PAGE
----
Tom those are great and informative reflections….and these are the kinds of very basic things that upper middle class left intellectual sorts seem to know or care all too little about. If you look at my opening text I talk about “early evening workers” and don’t actually call people working in this time frame night shift workers. You are quite right that the real night shift is yes the graveyard shift (which I have never been able to survive with my health and sanity intact). But I do imply “night shift” by having the section sub-heading “Night Shaft.” People doing the graveyard shift can in fact Caucus, of course. Caucus and then get ready to work 10pm to 6am or midnight to 8 am or worse. I don’t know how they do it.

    • Tom Johnson January 31, 2016 6:38 pm 

      Paul: I apologize if it sounds like I was taking a shot. Maybe I was being hyper-sensitive and I respect the heck out of your work because it is so connected to reality.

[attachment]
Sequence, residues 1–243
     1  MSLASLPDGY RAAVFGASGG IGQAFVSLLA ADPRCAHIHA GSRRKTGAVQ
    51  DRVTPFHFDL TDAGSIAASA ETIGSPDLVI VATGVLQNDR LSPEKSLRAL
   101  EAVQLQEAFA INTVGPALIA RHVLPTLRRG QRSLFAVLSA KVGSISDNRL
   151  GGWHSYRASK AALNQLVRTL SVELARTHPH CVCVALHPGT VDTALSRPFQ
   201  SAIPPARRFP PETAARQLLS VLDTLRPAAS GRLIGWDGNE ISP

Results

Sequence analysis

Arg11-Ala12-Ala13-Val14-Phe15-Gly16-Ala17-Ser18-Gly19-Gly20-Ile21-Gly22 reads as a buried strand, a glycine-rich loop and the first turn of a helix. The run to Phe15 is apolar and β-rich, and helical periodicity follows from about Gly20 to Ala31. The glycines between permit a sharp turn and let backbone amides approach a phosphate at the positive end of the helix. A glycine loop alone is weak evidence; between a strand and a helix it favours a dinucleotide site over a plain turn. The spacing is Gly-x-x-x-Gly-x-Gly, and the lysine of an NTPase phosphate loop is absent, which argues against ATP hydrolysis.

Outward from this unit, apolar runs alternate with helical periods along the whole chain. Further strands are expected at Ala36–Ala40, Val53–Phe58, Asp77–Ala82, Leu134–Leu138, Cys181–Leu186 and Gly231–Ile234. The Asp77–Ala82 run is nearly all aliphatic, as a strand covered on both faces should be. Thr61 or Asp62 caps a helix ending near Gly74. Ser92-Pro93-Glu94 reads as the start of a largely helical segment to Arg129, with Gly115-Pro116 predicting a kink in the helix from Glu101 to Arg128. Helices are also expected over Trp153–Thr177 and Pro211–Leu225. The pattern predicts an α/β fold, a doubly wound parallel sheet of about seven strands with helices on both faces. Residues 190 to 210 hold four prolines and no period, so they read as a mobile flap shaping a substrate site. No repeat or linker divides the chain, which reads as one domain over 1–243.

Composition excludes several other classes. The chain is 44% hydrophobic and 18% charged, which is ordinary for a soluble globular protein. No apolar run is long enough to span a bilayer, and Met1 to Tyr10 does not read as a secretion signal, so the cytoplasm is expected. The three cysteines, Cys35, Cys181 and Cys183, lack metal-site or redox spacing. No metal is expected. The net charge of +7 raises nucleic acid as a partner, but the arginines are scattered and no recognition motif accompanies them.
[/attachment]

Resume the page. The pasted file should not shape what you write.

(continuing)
I worked the graveyard in Chicago as a Greyhound baggage-handler and taxi-driver. I drove and wrote all-night while working for/with various labor unions.

      In many ways, I liked it; but you’re right – you have to be insane to do it and it always drives you crazy anyway. Lottsa death on the roads at night. Lottsa blood – literally. I lost some good union and taxi friends there.

      Not to mention what it does when you try to relate with other human beings. But somebody’s got to do it.

      Currently I work as an adjunct Associate Professor teaching writing and preparing students to get Prior Learning credits (credits for life-learning experience).

      My classes are all 5:30-9:30 so now I’m a second shifter. Nearly all my students are full-time workers ranging in age from 25-55 and about half are parents or care for their parents.I don’t know how they do it.